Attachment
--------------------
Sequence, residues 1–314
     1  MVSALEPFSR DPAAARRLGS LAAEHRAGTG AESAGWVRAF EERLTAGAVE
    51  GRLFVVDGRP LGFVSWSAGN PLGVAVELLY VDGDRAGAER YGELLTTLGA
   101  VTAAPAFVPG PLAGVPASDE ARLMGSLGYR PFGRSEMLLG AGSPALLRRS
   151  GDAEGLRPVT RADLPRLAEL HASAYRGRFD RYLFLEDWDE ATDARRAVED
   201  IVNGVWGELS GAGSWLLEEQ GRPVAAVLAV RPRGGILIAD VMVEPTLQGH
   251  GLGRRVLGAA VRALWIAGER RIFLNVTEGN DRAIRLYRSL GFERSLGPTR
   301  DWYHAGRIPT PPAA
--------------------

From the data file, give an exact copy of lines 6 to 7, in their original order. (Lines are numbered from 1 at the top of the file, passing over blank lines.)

   201  IVNGVWGELS GAGSWLLEEQ GRPVAAVLAV RPRGGILIAD VMVEPTLQGH
   251  GLGRRVLGAA VRALWIAGER RIFLNVTEGN DRAIRLYRSL GFERSLGPTR